Pill Cases and Child Safety
Daily or weekly pill cases are a convenient way to store medications and serve as a simple reminder to take them.
One of the most frequent types of call the PPC receives involves children opening the compartments of a pill case and ingesting some, or all, of the contents. The frequency of such calls increases during the summer season, as many people use these types of cases when traveling.
There is no such thing as a “child-proof” pill case. Even those that are “child resistant” can be defeated relatively easily by a determined or curious child at a surprisingly young age.
The only way to reliably prevent children from opening a pill case is to store it in a locked container on a high shelf, secured with a combination or key padlock.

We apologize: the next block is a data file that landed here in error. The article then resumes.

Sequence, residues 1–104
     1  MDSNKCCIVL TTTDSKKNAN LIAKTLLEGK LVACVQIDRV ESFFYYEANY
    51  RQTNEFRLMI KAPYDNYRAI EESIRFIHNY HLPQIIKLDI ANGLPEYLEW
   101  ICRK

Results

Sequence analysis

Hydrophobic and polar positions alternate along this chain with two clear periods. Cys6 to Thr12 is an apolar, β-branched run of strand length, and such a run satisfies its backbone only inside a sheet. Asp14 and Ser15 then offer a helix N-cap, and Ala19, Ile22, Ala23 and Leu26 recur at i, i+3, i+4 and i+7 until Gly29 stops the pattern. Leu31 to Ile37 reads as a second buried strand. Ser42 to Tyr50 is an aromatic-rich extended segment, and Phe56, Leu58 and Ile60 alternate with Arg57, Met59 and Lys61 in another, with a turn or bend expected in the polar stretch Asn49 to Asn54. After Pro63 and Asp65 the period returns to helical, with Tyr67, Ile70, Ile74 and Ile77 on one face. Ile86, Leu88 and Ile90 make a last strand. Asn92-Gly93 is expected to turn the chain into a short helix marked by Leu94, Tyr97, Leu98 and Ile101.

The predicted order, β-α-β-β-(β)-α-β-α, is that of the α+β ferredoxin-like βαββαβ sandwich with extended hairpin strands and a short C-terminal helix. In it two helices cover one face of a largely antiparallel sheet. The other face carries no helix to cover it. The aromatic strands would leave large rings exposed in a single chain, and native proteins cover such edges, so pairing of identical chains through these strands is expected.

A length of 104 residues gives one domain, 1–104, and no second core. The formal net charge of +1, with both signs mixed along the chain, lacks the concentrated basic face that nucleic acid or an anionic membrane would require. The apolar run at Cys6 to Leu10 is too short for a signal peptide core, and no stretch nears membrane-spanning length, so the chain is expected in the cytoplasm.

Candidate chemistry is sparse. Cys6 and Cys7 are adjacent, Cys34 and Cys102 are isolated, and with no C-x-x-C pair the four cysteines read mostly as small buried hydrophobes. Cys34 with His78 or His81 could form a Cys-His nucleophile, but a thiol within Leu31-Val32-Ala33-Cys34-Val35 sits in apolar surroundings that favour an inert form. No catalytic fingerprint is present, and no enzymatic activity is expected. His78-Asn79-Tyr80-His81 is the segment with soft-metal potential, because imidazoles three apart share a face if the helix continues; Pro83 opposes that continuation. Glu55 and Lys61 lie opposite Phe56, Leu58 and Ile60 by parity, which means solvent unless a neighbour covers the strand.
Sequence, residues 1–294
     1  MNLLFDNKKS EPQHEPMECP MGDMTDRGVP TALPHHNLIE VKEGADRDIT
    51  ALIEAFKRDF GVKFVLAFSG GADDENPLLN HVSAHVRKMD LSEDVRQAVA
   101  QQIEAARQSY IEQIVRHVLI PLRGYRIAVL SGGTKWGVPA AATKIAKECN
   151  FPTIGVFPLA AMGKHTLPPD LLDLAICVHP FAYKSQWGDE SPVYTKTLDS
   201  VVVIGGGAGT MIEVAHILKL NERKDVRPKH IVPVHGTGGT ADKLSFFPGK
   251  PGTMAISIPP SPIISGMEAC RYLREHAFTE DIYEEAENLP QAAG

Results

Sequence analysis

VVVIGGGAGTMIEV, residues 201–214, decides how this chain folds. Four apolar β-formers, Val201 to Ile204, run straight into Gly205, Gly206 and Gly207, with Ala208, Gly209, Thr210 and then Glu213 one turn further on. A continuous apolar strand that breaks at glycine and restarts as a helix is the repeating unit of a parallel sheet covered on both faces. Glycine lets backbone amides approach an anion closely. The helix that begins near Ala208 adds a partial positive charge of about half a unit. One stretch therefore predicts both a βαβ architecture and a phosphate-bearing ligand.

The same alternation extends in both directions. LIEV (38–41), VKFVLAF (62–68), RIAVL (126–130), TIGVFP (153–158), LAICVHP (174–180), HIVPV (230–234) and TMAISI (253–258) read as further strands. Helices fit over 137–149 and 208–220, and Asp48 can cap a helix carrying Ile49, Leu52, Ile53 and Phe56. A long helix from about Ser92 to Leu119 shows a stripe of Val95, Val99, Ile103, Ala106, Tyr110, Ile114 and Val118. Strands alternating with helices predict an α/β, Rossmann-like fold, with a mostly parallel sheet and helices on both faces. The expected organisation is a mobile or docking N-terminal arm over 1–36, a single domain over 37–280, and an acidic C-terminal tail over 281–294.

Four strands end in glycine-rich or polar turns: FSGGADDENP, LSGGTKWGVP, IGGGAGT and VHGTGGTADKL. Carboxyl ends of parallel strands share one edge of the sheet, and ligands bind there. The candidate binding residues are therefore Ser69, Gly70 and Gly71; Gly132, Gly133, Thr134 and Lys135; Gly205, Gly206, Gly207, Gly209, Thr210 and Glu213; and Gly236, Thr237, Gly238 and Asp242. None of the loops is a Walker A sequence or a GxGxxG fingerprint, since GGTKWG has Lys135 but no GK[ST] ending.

Ask all visitors to secure their medications. If you are visiting, ask ahead of time if the house to which you are going has a lock box and, if it does not, bring a small one or ask the household to purchase one ahead of your visit. While it may add a few minutes to your routine, it will keep little ones and pets out of medications and safe.
LOCKMED, a Pittsburgh-based company that produces home medication lock boxes, has collaborated with the Pittsburgh Poison Center to emphasize the importance of locking up all prescription and over-the-counter drugs at home. For more information, visit www.lockmed.com.
Disclaimer: The primary purpose of this material is for general informational purposes only and should be interpreted as an endorsement of any particular product by the PPC (part of the University of Pittsburgh Medical Center).
Your local poison center is available 24 hours a day, 7 days a week, 365 days a year to answer any additional questions and to address any poisoning concerns. Call 1800-222-1222 from a phone with your local area code to contact the correct center.